SARASOTA, Fla. - The irony is not lost on Johan Santana. Or the cruelty. How could the best night of his career also be the one that possibly destroyed it? Two years later, and trying another comeback in a different uniform, Santana still has no regrets about the no-hitter that changed everything.
Standing at his locker, wearing the Orioles' black and orange workout gear, he explained Wednesday why it's just the opposite. By making history for the Mets, with a surgically repaired shoulder, he is convinced he can beat the odds again -- coming off a second capsule reconstruction.
"Definitely,'' Santana told Newsday. "I know what it takes and it's not easy. But I'm not going out of the game like that. Whenever I leave this game, I want to do it on my own terms. Honestly, I don't remember who the last hitter was that I faced. I don't remember anything about my last game and I don't want to.
"I'm excited to know when my next one is going to be, so that's the way I'm looking at it -- nothing to lose, a lot to gain. That's the reason I'm here. Because I feel like I can still do it.''
Santana's last time on a major-league mound was Aug. 17, 2012, at Nationals Park. He retired Mike Morse on a deep fly to center to end the fifth inning and did not return -- that season or the next. When Santana arrived for spring training in 2013, his arm was lifeless. Two months later, his left shoulder was cut open again, only this time the Mets' surgeon, David Altchek, "anchored'' the torn tissue to his bone after it had ripped away.
Santana said that is the critical difference between the two surgeries -- done 31 months apart -- and it gives him optimism for this second go-round. His first workout Wednesday at the Orioles' complex was limited to long toss at about 120 feet and some conditioning runs, but he said it's very early in the process.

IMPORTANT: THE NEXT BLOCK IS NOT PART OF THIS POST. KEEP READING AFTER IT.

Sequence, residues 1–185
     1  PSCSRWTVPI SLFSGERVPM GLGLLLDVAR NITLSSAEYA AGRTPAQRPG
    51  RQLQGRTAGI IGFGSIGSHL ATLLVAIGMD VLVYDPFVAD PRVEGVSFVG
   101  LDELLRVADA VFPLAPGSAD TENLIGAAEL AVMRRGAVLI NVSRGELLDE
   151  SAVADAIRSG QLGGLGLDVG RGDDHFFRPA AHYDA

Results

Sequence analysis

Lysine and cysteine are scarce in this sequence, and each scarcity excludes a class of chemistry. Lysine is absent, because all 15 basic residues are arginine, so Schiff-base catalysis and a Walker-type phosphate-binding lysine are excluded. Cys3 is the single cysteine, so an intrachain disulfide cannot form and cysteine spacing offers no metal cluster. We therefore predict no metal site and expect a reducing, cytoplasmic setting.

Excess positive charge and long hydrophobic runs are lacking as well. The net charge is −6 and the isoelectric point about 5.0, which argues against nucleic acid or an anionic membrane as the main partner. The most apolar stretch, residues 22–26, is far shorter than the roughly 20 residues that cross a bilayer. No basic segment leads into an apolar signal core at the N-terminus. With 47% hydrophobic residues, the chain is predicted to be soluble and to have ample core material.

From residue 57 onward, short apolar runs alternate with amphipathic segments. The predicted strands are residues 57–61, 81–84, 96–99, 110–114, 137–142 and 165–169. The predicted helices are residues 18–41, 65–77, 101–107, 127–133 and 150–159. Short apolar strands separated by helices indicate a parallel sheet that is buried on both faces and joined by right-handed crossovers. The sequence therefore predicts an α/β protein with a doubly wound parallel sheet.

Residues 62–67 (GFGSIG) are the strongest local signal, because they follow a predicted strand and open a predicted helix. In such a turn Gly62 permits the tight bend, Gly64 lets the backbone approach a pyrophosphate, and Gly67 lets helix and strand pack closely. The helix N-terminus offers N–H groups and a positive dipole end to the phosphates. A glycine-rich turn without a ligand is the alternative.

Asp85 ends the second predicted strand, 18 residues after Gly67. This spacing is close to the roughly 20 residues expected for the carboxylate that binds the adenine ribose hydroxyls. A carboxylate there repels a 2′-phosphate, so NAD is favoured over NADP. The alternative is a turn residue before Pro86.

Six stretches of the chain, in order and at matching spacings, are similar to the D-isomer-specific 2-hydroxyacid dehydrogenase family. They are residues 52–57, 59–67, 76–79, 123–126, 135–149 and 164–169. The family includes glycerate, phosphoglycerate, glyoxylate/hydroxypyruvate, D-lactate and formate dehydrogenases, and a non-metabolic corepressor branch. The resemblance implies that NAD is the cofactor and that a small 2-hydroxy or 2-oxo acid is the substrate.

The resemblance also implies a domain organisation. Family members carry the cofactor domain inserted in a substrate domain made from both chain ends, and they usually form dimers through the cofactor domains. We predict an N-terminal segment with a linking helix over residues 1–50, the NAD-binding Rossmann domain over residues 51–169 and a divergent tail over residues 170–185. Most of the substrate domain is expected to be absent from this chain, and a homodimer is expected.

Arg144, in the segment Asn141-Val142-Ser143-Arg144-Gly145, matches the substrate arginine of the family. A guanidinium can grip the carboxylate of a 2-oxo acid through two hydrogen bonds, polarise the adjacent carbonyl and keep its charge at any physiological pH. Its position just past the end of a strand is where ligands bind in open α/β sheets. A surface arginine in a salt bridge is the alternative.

As for the scouting reports that had him barely breaking 80 mph at an audition this month, Santana said it was nothing more than getting used to a mound again. He has not thrown with any "intensity'' to this point, and with Orioles GM Dan Duquette setting June 1 as a target date, Santana believes he has the time to get ready.
"We have to make sure my shoulder feels good,'' he said. "Once we get everything back together -- my legs, my whole body -- then we'll get more intensity. After that, it's pitching. And I know how to pitch.''
The two-time Cy Young winner figures to be a low-risk gamble for the Orioles, who signed him to a minor-league contract that will be worth $3 million if he cracks the 40-man roster.
But wherever Santana goes from here, he'll always be reminded of the immortality he achieved in Flushing -- and how one night may have scuttled his future. He insists there is no medical proof those 134 pitches -- against the Cardinals during his 8-0 no-no on June 1, 2012 -- ultimately led to his second surgery, but the numbers show he was never the same afterward. Santana knows that much, and in the midst of this exhausting climb, refuses to second-guess himself.
"How many times do you have an opportunity to be in that situation?'' he said. "Maybe never. To me, it was like the greatest thing ever.''
All Santana has now is tomorrow, and it's been an excruciatingly long wait. If he does eventually join the Orioles, maybe he'll be in a playoff race for the first time since 2008, when his brilliant September (4-0, 1.83 ERA) couldn't prevent another Mets collapse. For Santana, who turns 35 next week, his turbulent stay in Flushing taught him a lot.
"One game makes a difference, and you always have to go for it,'' Santana said. "Because you never know. And then -- just like that -- it's gone.''